Dr. Mark

The Sympathetic and Parasympathetic Nervous Systems

I read an article, in which the author explained the importance of reducing stress in our personal and professional lives. As I was reading the article, it became clear that the effects of stress, should we not take active, purposive measures to reduce them, can have negative effects on our health and on our relationships. I thought back to the last discussion I posted within this blog and how being emotionally upset inhibits our ability to think straight and make good decisions. The same thing happens when we are stressed, because stress impacts our emotional states. I then started thinking about the neuroscience behind stress and emotional states, and I thought that I would share some of these thoughts with you. As you likely gleaned from the title of this particular post, I want to briefly discuss the sympathetic (SNS) and parasympathetic nervous systems (PNS), respectively.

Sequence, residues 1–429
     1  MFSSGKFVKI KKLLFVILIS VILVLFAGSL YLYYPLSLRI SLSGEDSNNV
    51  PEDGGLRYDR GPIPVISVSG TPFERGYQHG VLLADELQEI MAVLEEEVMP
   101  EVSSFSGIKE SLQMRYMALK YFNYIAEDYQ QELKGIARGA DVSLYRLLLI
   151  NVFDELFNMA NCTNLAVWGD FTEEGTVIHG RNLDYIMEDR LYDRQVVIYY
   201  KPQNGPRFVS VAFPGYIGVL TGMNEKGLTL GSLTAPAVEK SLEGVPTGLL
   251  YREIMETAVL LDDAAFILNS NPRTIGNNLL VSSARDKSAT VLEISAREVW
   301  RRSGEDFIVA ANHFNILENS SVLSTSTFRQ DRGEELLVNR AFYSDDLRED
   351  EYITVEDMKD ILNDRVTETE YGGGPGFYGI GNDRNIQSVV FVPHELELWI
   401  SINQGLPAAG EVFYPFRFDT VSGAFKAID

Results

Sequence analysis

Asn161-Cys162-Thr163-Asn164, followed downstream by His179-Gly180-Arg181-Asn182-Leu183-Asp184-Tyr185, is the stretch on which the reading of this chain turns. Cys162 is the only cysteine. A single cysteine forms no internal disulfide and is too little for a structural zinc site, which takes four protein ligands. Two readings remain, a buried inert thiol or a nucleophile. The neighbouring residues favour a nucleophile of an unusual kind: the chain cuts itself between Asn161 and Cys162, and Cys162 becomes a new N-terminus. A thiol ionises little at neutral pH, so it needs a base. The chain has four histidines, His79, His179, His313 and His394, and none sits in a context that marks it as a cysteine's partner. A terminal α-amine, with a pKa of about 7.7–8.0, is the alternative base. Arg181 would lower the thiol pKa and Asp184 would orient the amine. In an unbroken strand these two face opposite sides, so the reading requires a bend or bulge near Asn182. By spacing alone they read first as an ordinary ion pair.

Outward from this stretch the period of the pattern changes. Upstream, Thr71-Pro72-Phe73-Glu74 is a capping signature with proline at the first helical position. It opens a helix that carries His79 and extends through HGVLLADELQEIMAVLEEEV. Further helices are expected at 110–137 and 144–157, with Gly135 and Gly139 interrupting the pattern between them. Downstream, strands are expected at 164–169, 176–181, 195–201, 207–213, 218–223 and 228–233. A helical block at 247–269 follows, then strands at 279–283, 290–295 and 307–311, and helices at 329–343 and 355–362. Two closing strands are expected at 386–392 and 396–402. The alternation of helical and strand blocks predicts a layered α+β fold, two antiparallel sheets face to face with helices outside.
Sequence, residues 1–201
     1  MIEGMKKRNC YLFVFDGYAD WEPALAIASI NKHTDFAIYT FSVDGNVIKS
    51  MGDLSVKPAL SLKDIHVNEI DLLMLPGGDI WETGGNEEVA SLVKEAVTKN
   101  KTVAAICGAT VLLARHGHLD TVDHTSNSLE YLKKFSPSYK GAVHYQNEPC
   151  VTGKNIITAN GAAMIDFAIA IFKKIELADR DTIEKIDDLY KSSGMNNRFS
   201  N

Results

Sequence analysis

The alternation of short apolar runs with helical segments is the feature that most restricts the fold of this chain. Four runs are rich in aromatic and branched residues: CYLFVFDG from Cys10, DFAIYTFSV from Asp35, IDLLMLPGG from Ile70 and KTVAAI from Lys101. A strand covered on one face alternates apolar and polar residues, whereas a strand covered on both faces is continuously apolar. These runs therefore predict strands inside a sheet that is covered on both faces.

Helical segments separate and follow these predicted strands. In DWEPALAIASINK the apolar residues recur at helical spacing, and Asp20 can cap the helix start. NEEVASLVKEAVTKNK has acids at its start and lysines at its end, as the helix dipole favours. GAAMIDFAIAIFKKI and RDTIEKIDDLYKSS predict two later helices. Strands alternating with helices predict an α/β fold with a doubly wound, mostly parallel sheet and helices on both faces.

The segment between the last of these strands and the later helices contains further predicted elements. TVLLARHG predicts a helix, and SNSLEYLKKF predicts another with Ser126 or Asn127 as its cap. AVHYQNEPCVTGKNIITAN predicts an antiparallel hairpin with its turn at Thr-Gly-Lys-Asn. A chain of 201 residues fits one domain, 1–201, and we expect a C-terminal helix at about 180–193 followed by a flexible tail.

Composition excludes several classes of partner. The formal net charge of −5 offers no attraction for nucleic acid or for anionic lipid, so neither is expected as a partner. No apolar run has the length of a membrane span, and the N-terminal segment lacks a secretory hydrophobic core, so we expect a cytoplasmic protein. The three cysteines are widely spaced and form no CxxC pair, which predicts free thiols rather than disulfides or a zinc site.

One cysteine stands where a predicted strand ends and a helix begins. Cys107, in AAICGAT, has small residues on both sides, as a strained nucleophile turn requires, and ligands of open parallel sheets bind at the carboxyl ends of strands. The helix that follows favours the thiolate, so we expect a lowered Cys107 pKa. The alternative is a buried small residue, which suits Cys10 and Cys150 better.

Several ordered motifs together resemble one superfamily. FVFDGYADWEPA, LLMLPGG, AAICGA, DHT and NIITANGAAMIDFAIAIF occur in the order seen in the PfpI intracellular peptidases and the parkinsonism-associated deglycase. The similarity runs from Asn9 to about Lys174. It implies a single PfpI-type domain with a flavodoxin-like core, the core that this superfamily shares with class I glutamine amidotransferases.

Although it may sound like it would be the more pleasant of the two nervous systems, the Sympathetic Nervous System is the one that, when aroused, involves damaging chemical and physiological changes within the body. While not all stress is bad (good stress is called eustress), it is the annoying and/or chronic stress, which is harmful. When you experience a stressor, your body (mind) reacts by releasing epinephrine and norepinephrine (adrenaline/noradrenaline) into the blood. In addition to these, corticosteroids (cortisol) are also released into your blood. As I am sure you can imagine, there are physiological effects associated with the release of these chemicals. The release of epinephrine (to your arms) and norepinephrine (to your legs), which serve as vasoconstrictors, result in increased pulse and heart rate and faster and shallow breathing. The result of cortisol being released into the blood is a diminishing of your immune system and inhibited neurogenesis (growth and development of nervous tissue). So what does this all mean? It means that when these chemical changes happen within our bodies (brains), we lose significant control over how we are able to respond, which helps to explain why many people respond in similar fashion, which is emotionally and often destructively. But, it does not mean that we are without complete control. Developing emotional intelligence enables us to develop an awareness of our emotional states such that we are able to take immediate action. One such ‘immediate action’ that we, as emotionally intelligent leaders, can take is activating our Parasympathetic Nervous Systems.